Dog Laws In South Dakota
South Dakota does not have a Dog Bite Statute. To recover damages for a dog bite injury, the injured person must prove that the dog owner knew or had reason to know that the dog had vicious propensities and that the owner was negligent in failing to prevent the injury.
In South Dakota, a “vicious dog” is defined as:
- A dog which, when unprovoked, in a vicious or terrorizing manner approaches in an apparent attitude of attack, or bites, inflicts injury, assaults, or otherwise attacks a person in public;
- any dog which on private property when unprovoked in a vicious or terrifying manner approaches in an apparent attitude of attack, or bites, or inflicts injury, or otherwise attacks a mailman, meter reader, serviceman, delivery man, or other employed person who is on the owner’s property with permission.
- a dog cannot be declared vicious if an injury is sustained while a person was committing a trespass or other tort on the owner’s premises, or if the injured person was teasing, tormenting, abusing, or assaulting the dog, or committing or attempting to commit a crime at the time of the injury.
Damages that can be recovered depend upon the nature and extent of injury, medical expenses, future medical expenses, lost wages, loss of earnings capacity, periods of total and/or partial disability, physical pain and mental suffering, disfiguring scarring, permanency of injury, and loss of consortium.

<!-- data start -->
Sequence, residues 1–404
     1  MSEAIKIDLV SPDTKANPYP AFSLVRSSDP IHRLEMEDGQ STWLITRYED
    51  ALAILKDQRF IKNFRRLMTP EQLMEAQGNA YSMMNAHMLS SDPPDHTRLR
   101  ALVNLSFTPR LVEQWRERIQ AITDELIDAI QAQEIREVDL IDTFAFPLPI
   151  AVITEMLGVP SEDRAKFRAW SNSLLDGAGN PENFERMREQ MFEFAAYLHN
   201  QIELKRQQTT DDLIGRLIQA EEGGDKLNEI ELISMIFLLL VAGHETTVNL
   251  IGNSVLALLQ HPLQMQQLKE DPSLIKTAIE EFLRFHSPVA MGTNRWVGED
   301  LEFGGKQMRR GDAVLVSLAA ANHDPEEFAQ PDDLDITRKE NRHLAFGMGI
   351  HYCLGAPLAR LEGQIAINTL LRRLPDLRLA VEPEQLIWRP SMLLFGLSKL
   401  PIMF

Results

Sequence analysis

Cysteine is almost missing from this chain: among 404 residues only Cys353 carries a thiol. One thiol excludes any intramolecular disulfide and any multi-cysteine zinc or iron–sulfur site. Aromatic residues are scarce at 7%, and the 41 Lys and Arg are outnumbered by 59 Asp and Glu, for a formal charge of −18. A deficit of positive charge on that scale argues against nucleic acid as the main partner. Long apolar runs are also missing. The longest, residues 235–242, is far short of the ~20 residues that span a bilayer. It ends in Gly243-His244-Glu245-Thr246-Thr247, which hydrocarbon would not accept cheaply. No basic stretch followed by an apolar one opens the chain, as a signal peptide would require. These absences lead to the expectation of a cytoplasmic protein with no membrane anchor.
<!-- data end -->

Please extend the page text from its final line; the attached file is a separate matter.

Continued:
STATUTE OF LIMITATION:
In South Dakota, the statute of limitations is 3 years from the date of injury. This means you must file a lawsuit against the owner/keeper of the dog within that time, or you will be forever time barred from pursuing a case.
Blaha v. Stuard, 2002 SD 19
Injured By A Dog?
The information provided on this website is for general informational purposes only. The information on this site is not legal advice, and no attorney-client relationship is formed through the use of this website. Laws relating to dog injuries can, and do, change. To learn your legal rights, contact The Snow Law Firm, or contact a licensed and experienced attorney in your state.
MINOR STATUTE OF LIMITATION RULE:
In most states, when a minor is bitten or injured by a dog, the statute of limitation period does not begin to run until the minor reaches the age of 18. Thus, for example, if an 11-year-old child is bitten or injured by a dog in a state that has a 3 year statute of limitation period within which to file a lawsuit, they will have three years from the date they turn 18 years of age, and would thus have to file a lawsuit before they turn 21 years of age. In most instances, however, it is recommended that a parent or guardian bring a claim for a dog bite or injury claim on behalf of a minor child before waiting for the injured child to turn 18.
RECOVERABLE DAMAGES IN GENERAL:
Some states limit the type of damages that a person bitten or injured by a dog can recover. In most states, however, a person who is bitten or injured by a dog can recover damages that include medical expenses, future medical expenses, lost wages, loss of earnings capacity, physical pain and mental suffering, scarring, permanency of injury, periods of total and/or partial disability and loss of spousal consortium.